"Millions at risk of breast cancer as 1 in 5 don't realise booze can be to blame," reports The Sun.
"Millions at risk of breast cancer as 1 in 5 don’t realise booze can be to blame," reports The Sun. This headline comes from a recent study in which 205 women attending breast clinics and mammography screening appointments were asked about their awareness of alcohol as a risk factor for developing breast cancer.
Although the risks of drinking alcohol and breast cancer are not new, this study highlights that women may still be blind to the risk, and more could be done to improve awareness. This study certainly does not answer for all women however, as the sample size was fairly small. It was also not possible to tell from this research whether lack of awareness of alcohol as a risk factor was linked to developing breast cancer.
Read more about reducing your risk of breast cancer.
The study was carried out by researchers from the Universities of Southampton, Glasgow, Sunderland and York. It was funded by Cancer Research UK and the BUPA Foundation Fund. The study was published in the peer-reviewed British Medical Journal Open, so it is free to read online.
The UK media have reported the research fairly accurately, although none of the news sources highlighted the fact this was a small study so may not be representative of the general UK population.
This was a cross-sectional survey. It aimed to explore people's understanding of alcohol as a risk factor for breast cancer. Cross-sectional surveys are useful ways of capturing attitudes or knowledge at a specific moment in time. However, if they are small and conducted in a small geographical area, the findings may not be generalisable to the wider population.
The survey was then followed by discussion with some of the participants about their attitudes towards alcohol and breast cancer. The researchers also interviewed a number of health professionals about the same topic. This type of interview-led research is known as qualitative research.
This mixed-method study included a cross-sectional survey on risk factors for breast cancer and understanding of alcohol consumption. The data collected from this cross-sectional survey was then used as prompts for focus groups and telephone discussions with women attending Southampton breast services.
For the cross-sectional survey, the researchers asked questions in order to collect information on people's understanding of breast cancer risk factors related to consumption of alcoholic drinks.
Each participant was also given 4 multiple choice questions to identify the units of alcohol of 4 different drinks.
For the focus groups, women attending either a symptomatic breast clinic or a mammography screening appointment between January and July 2015, and who had also completed the survey were invited. The women recruited self-selected and attended the group that was most convenient for them. There were 3 focus groups planned, consisting of a maximum of 8 women each. The topic of the focus group was "to discuss their opinion about some of the methods available to try and reduce the number of women who develop breast cancer". Women were included if they were over the age of 18, and had sufficient English to give informed consent. The smallest group size included 3 women and the largest included 11 women.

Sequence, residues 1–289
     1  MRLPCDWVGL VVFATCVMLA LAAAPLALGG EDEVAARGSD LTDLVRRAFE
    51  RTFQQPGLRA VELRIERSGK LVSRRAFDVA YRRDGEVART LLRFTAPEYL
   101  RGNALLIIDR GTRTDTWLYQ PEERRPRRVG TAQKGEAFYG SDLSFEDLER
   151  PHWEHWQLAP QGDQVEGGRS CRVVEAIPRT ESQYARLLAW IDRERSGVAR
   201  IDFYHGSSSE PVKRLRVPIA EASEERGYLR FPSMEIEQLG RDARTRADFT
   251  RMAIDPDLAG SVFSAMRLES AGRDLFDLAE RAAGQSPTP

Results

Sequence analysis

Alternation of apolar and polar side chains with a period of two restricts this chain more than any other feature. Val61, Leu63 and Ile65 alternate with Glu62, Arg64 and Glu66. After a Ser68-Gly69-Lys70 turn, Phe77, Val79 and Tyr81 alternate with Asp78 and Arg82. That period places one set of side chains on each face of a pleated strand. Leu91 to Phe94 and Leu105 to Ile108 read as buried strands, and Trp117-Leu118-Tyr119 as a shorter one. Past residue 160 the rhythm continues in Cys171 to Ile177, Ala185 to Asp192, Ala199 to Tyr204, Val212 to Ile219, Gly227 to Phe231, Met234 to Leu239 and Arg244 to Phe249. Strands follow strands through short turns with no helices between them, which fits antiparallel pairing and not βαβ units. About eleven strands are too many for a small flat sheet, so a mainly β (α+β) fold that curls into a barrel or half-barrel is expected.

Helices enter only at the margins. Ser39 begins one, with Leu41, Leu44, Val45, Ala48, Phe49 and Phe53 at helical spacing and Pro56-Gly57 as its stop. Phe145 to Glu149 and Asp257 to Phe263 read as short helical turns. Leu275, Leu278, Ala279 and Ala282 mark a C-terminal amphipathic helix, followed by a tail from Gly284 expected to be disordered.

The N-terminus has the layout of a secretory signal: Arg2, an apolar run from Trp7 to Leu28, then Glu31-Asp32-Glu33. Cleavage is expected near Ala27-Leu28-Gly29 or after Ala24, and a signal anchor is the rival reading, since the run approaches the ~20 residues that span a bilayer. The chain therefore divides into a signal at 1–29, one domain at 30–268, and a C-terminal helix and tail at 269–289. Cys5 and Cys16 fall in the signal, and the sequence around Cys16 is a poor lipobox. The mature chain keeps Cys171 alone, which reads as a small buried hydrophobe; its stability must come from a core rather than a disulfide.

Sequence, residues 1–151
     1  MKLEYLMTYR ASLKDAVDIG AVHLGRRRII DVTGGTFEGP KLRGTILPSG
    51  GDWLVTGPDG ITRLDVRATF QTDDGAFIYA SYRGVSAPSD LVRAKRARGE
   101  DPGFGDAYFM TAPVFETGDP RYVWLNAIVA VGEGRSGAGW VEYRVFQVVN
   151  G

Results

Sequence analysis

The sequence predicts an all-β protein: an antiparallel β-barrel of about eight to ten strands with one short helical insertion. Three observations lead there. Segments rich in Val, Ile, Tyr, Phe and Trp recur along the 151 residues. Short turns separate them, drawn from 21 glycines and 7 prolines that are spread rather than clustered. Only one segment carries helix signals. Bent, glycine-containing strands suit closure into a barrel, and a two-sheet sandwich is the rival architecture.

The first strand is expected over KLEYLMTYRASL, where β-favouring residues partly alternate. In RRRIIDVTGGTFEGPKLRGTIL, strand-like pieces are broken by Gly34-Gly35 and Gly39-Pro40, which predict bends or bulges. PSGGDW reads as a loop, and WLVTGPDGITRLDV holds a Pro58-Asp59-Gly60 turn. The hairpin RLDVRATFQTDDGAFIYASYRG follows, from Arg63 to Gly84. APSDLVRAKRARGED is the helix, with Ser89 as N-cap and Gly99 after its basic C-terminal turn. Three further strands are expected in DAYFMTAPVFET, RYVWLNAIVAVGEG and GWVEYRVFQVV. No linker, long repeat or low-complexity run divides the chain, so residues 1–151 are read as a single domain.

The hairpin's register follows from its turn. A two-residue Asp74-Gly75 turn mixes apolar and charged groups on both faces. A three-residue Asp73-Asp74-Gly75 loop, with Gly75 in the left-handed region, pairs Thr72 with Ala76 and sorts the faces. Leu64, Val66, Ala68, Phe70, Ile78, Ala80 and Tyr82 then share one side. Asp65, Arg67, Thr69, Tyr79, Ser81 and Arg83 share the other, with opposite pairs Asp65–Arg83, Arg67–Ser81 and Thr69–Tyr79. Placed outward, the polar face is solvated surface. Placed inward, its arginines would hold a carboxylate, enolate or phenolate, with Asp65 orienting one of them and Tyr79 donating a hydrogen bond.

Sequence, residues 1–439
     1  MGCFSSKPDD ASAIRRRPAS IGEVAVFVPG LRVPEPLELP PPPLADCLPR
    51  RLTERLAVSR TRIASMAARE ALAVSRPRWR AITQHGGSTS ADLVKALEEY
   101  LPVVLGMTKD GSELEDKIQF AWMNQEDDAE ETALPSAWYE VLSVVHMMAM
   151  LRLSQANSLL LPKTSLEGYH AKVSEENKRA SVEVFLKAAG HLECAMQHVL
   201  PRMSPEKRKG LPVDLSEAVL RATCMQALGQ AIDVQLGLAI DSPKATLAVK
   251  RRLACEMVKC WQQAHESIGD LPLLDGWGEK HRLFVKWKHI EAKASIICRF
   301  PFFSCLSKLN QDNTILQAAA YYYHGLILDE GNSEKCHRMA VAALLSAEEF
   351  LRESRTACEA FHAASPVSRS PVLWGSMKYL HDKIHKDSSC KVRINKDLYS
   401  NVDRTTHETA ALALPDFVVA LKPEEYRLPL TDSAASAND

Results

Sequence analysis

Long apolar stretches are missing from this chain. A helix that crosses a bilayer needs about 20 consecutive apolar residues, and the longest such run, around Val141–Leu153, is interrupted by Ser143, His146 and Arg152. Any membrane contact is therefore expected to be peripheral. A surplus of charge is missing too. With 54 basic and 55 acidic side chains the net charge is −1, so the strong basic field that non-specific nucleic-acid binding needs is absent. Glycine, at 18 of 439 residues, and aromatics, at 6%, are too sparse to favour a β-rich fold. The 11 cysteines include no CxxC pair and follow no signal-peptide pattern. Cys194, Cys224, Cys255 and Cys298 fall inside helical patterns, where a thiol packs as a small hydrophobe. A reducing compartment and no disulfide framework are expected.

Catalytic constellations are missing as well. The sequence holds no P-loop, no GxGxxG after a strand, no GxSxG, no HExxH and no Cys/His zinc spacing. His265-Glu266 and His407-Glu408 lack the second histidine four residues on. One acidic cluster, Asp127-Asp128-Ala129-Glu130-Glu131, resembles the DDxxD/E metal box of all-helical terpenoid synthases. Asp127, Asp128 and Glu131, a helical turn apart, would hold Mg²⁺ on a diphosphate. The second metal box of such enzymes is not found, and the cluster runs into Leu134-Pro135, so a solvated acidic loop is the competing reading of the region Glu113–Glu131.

Health professionals working in breast clinics were also invited to take part in telephone interviews to further discuss some of the findings of the survey.
For the survey, the researchers assessed differences between people's health, their identification of risk factors and ability to identify alcohol units. The researchers then identified themes emerging from the focus groups to see if there was any association with the survey findings.
All the women involved in this study agreed that including a prevention-focused intervention would not reduce the likelihood of their attendance at screening mammograms or breast clinics. Both women and staff had concerns related to how to talk about alcohol and risk factors for breast cancer in a non-stigmatising way so as not to possibly put women off from attending further screening appointments. Specialist staff were also found to lack confidence in their role in health promotion.
The researchers state that adding prevention interventions to breast screening clinics appears acceptable to attendees, which highlights the potential for using these opportunities as "teachable moments". However, they noted that there are significant cultural and systemic challenges to overcome if this is to be implemented successfully.
This is an interesting small study that attempts to identify whether women are aware of the risks of alcohol on the development of breast cancer.
It does make the point that in this sample of women, awareness of the risks of alcohol seems to be fairly low.
One interpretation of these findings is health professionals should take the opportunity to explain the cancer-related risks of alcohol when women attend breast screening (or similar) appointments.
The main limitation of the study is that it was carried out in a single centre and the sample size was very small, meaning the findings cannot be generalised to larger populations.
The link between alcohol consumption and cancer is not new, and the risks are not limited to breast cancer. Despite the limitations of this study, it highlights the need for more readily available information related to the risks of alcohol on different types of cancer.
Read more about the risk factors for breast cancer and the long-term health risks associated with alcohol use.